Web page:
The Layers of My Childhood

The Layers of My Childhood

It was a long, painful journey to arrive at this acceptance, but I have accepted myself for who I am, and learned many different skills I didn’t know I possessed. 

When I was 6 years old I was diagnosed with a learning disability and Attention-deficit/hyperactivity disorder (ADHD). I had a severe speech problem, till this day I have difficulties pronouncing words. My teachers explained to me that I learned differently from others. 

I was the only kid in my class with a speech problem, I couldn’t pronounce words that seemed easy to others. I would get many words mixed up, which messed with my head when it came to spelling. 

It was a special kind of childhood, you know, being a kid with ADHD and a learning disability. It’s different for all of us, of course, since the disorder manifests itself in different ways. Some may be more hyper, some may be more absent-minded.

I was in between, I was antisocial growing up, but I could never stay seated for long. Till this day I can’t think while sitting, I feel the need to walk around as my way of thinking clearer. Teachers would get annoyed with me because If I sat down for too long I’d get anxious. It got easier as I got older and learned how to control it. 

I’m a lot more slow paced and I usually have to read questions out loud a few times to understand what it’s asking me to do. For a while I hated it, I was so good at school but once I was given a test I would fail no matter how hard I studied. Teachers at school couldn’t figure out why that was. They tested me every month, they did everything they could, not much changed.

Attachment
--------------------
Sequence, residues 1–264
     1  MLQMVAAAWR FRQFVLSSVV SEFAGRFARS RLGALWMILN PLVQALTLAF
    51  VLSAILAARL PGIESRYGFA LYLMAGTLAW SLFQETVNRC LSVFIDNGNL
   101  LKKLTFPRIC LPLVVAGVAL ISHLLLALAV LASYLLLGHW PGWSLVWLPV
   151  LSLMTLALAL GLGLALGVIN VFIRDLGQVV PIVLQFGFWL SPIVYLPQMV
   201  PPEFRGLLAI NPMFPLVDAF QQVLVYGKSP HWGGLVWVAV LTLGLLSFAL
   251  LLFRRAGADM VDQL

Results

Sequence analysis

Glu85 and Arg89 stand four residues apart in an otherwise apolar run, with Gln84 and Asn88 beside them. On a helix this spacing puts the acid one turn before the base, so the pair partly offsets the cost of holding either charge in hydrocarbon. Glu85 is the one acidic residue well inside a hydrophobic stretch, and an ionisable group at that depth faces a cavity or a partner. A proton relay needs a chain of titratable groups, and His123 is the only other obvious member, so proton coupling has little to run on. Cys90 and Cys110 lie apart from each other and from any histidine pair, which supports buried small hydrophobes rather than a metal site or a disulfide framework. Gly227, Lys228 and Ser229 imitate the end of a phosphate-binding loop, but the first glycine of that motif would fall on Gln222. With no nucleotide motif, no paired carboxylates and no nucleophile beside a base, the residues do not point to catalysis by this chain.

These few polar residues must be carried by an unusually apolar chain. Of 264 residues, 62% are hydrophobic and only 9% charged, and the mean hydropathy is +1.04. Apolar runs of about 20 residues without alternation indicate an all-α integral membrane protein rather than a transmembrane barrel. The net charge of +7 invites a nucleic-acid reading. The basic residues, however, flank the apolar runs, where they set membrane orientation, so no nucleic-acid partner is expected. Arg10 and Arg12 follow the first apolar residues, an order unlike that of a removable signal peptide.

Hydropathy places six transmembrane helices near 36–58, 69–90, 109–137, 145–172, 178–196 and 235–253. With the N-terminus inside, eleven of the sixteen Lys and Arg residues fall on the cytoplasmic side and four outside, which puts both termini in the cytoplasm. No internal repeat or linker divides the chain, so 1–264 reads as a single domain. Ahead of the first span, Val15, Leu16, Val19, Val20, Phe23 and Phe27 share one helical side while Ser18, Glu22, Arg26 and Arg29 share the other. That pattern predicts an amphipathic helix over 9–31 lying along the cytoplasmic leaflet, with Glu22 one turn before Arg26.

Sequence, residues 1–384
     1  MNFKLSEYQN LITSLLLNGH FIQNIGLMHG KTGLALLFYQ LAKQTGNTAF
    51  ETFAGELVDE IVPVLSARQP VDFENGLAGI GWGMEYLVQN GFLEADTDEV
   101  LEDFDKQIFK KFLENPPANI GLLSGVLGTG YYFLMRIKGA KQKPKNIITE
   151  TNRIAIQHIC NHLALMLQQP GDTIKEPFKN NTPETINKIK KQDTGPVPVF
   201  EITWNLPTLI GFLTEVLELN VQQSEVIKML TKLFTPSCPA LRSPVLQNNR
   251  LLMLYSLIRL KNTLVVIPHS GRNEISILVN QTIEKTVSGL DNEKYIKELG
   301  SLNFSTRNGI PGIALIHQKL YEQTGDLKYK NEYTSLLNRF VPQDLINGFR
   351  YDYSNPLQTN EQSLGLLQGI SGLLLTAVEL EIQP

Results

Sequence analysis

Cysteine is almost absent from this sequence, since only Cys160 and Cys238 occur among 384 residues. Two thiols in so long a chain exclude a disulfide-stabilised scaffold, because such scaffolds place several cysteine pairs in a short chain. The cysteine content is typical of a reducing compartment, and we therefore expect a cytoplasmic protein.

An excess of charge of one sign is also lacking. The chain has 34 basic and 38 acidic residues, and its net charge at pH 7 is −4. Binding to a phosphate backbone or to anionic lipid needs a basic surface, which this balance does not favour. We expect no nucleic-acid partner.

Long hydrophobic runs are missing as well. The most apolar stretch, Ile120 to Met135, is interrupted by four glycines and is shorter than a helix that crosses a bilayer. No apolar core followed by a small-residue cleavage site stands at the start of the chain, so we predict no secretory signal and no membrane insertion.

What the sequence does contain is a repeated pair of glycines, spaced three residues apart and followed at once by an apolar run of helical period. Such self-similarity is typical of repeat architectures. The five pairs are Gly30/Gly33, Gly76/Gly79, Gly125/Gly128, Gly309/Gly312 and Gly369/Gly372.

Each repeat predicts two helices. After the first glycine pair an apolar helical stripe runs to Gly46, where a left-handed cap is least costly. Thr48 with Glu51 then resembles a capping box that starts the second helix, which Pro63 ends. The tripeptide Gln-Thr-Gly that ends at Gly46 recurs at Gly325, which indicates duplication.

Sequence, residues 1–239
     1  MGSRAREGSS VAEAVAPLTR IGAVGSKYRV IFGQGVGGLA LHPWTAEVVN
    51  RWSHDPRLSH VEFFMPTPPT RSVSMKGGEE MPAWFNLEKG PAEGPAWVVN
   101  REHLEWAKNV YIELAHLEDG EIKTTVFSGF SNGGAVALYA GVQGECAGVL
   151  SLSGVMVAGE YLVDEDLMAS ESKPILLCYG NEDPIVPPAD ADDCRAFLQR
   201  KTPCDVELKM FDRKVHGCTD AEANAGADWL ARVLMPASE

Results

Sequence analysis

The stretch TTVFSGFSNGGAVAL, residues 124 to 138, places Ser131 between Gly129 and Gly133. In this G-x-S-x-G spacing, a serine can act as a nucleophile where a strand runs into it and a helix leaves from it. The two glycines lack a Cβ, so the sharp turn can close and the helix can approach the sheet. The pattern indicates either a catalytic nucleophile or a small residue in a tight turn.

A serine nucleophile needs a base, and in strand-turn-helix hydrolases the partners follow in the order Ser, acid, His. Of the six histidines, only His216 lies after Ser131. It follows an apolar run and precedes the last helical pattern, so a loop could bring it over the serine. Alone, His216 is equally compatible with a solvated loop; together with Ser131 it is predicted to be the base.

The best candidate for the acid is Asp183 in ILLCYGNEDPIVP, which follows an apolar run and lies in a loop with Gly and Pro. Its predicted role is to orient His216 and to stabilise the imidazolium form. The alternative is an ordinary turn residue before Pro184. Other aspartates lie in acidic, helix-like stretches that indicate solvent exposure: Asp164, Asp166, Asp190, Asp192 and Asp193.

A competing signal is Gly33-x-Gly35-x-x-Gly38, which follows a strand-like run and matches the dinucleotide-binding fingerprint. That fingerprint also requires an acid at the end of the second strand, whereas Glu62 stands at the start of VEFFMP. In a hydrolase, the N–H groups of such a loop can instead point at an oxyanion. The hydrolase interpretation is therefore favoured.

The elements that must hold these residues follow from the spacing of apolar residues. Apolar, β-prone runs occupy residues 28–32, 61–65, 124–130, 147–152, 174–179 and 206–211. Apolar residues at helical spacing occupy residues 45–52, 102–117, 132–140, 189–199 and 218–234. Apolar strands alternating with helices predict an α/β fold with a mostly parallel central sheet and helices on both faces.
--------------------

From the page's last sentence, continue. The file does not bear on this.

I was put in an IED program in elementary school all the way till high school. It was simple things, they would take me out of class and test my pronunciation on words, give me some tests to do on my own, and give me extra time for exams. 

I was put into a “read aloud” classroom for exams, where teachers would read the question out loud to me a few times. It was helpful in elementary and middle school, exams were a lot easier for me.

Once I got to high school things were different, I was put in a separate room with other students who were “like me” and we would get extra time. Though in the process of receiving all of this “special treatment,” I still failed my regents. I failed every test I took, my PSATs, SATs, quizzes.  I was great in school, my grades were fantastic, I could write a killer essay, and I was chosen to be a part of the Nationals Honors Society in my junior year. I was a true scholar. 

I could not score a 65 or higher on my regents to save my life though. My mother was confused, my principal didn’t understand how it was possible for me to be so intelligent but constantly failed my test. I cried about it over and over again. I was set on failing. No amount of good grades can save me from my low test scores. At one point I stopped trying, it was a waste of time, all I did was fail. How was I supposed to go to college on my own when I could barely get past high school?

After retaking each subject of the regents at least 10 times or more, I passed with a good enough grade to graduate. At this point I was exhausted and didn’t even care how low my scores were, I just wanted to graduate. Teachers would ask, “but don’t you want better? I expected better from you.” 

Well, you try retaking the same regents over and over again just to fail over and over again. I was tired of the same cycle, of course I wanted better, but better wasn’t for me at that time. 

While most of my classmates graduated with regents diplomas and advanced regents diplomas, I graduated with a IED diploma, which is given to students with disabilities. The passing score is a 55 or higher. 

I was honestly grateful, it’s still a diploma, still an achievement in my eyes. I was proud, my family was proud. Now I’m a senior in college, nobody thought I’d make it this far, but here I am. 

It’s still hard, trying to keep up. When I graduated I told myself I was going to do college on my own, I didn’t want extra time on exams or read aloud rooms, I wanted to see what I was capable of without the help of an adult. 

All my life I felt like a charity case, teachers and classmates felt bad for me, I never knew how to be on my own. 

They would always say, “Amber has potential” but it never felt like I did, it all felt pointless. 

Now I see my true potential, and I’m proud of how far I’ve come.